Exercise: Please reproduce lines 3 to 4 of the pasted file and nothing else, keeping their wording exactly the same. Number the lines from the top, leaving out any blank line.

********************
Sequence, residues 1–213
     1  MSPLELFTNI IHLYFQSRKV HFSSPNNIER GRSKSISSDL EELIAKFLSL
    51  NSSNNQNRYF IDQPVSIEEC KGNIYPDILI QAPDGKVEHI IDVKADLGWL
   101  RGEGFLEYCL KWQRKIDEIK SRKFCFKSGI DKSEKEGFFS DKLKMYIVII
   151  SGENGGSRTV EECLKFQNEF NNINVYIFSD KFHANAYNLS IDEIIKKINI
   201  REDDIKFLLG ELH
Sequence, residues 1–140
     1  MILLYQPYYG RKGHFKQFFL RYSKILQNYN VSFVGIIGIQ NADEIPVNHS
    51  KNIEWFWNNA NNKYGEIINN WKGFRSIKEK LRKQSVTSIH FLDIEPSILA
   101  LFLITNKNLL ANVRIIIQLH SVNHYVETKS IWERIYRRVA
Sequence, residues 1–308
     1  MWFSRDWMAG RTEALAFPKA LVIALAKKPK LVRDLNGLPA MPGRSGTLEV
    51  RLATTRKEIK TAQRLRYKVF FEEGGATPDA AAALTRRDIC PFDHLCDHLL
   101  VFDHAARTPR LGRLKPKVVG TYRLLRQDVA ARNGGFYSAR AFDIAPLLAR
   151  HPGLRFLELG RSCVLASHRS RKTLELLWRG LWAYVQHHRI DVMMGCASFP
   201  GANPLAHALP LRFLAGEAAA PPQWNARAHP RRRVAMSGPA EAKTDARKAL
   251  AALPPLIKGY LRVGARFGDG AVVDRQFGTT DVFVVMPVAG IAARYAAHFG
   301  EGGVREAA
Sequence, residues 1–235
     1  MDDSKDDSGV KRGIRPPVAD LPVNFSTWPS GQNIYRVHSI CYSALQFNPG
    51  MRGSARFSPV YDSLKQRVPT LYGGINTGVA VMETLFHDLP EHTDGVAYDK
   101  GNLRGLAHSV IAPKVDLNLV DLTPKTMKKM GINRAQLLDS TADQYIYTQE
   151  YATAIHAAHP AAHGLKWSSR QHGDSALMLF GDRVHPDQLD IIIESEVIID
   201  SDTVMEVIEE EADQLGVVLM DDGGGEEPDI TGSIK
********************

    51  NSSNNQNRYF IDQPVSIEEC KGNIYPDILI QAPDGKVEHI IDVKADLGWL
   101  RGEGFLEYCL KWQRKIDEIK SRKFCFKSGI DKSEKEGFFS DKLKMYIVII